Q. What’s the difference between scallions and green onions? Can one be substituted for the other? — Bill
A. There is no difference. Zip, nada, zilch. Whether they’re called scallions or green onions seems to be largely a matter of geography. In the mid-Atlantic coastal states and New England they’re more likely to be called scallions; everywhere else, they’re green onions. Even that, however, is far from absolute these days, although probably truer in the past when fewer people moved from place to place.
Scallions/green onions aren’t even a separate species of onion. The Allium genus includes more than a thousand species, among them garlic, onions, leeks, ramps, chives, and shallots, as well as flowering varieties such as Allium giganteum, those huge purple balls of tiny blossoms mounted on tall stems that appear in spring. (The members of the Allium species are also closely related to lilies.) Scallions/green onions are actually immature common yellow, red, and white onions, harvested before the bulb begins to form. Though the ones found in grocery stores are usually young white or yellow onions, occasionally green red onions (how’s that for confusing?) can be found in specialty stores or early farmers’ markets. They make a colorful addition to spring salads and dishes. “Spring onions” and “salad onions” are other aliases for immature onions. Sometimes these terms are also used to denote onions whose bulbs have just begun to form — still mild and sweet but with a bit more pronounced flavor. One thing a scallion is not is a shallot, even though the definition of “scallion” in some nonculinary dictionaries is “shallot.” This misnomer probably occurs because “échalion” is another name for the shallot, derived from the French échalote. Shallots have a distinctive taste, but the flavor is closer to that of mature onions than to that of scallions. Like most produce grown in cold-weather areas, green onions used to be seasonal, only eaten in the spring. Produce farmers planted whole rows to take to market; home gardeners sowed onion seed thickly, then thinned the rows so bulbs would have room to form. In my family, the first green onions were an eagerly awaited treat, even when green onions became available year-round in grocery store. They even had their own special container, an antique spoon jar, in which they appeared nightly on the dinner table for a few weeks. Those first local spring scallions are worth seeking out; they’re milder, sweeter, and more flavorful than their grocery-store cousins shipped from faraway places. When buying scallions, make sure that the green part is dark green, with no yellow or chartreuse. When fresh, scallions are absolutely straight; when they’re curved, they’ve begun to dry out. A very slight curve might not be too bad, especially if the scallions will be cooked, but avoid any that are beginning to look C-shaped. As a general rule, the thinner the scallion, the milder the taste. Whether you use scallions cooked or raw in recipes, save some of the greens for garnish. They look fine slivered straight across but even better when thinly sliced diagonally. Another nicely different touch is to tear the greens lengthwise into thin shreds. They’ll curl slightly and look almost exotic mounded into a little heap. Chill them in cold water for a half-hour or more and they’ll turn into corkscrews. Asians use whole green onions to make scallion brushes: Cut off the root and trim the green so it’s approximately the same length as the white. Leaving 1 to 2 inches in the middle uncut, use the tip of a sharp paring knife to make vertical cuts through and all around the white part, cutting it into shreds that are still attached to the middle; repeat with the green part. Place the scallions in a large bowl of cold water and refrigerate them for at least an hour or as long as overnight. The cut parts will curl up tightly to form frilly ends. You can also leave the white part whole and just cut the green. Scallions also make a wonderful side dish. Cut off the root ends and trim the greens so they’re all the same size. Simmer just until the whites are barely tender, four or five minutes, then drain them, drizzle them with a little melted butter, and perhaps sprinkle chopped fresh dill over them. In the South, they’re sometimes cooked in cream. Green onions are also delicious grilled or griddled. Larger green onions work best. Trim the root and green ends and brush the onions lightly with oil or melted butter. Grill them over medium low heat, placing the white parts over the heat source and the greens away from it, just until the whites are crisp-tender. If the green parts start to brown, place foil underneath them. Whether they’re called scallions or green onions, they’re versatile and delicious.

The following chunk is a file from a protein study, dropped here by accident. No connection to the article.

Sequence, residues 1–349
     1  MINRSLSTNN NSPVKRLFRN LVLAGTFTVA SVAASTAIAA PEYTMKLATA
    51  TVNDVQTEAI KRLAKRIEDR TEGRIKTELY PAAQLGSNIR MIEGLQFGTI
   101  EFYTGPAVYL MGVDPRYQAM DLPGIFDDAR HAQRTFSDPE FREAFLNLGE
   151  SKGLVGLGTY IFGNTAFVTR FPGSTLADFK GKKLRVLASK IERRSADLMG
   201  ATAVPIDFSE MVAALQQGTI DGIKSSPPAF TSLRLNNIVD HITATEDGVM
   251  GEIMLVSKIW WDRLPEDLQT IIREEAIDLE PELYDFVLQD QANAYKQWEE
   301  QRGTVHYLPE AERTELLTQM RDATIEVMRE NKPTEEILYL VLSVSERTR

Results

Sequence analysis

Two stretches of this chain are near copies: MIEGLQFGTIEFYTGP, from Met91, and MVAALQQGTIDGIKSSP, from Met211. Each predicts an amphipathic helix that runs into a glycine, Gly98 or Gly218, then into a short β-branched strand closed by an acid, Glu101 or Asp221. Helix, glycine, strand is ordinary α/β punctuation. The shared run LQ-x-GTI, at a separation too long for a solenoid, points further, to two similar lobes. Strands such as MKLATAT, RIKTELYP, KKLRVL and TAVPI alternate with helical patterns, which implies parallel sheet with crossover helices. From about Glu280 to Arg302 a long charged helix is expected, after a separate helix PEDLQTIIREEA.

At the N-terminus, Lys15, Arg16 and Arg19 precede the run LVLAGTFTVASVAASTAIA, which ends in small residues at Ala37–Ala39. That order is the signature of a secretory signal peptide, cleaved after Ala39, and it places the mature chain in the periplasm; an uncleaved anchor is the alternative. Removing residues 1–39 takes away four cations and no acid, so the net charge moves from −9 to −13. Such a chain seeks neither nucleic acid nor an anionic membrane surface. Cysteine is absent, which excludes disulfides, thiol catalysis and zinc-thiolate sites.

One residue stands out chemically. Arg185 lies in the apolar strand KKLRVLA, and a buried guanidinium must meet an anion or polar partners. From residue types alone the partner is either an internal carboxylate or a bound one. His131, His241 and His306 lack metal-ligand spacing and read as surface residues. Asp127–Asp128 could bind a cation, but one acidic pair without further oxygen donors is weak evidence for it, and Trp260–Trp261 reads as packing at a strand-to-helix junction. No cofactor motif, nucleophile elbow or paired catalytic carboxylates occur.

Send questions and comments to Julianne Glatz at firstname.lastname@example.org.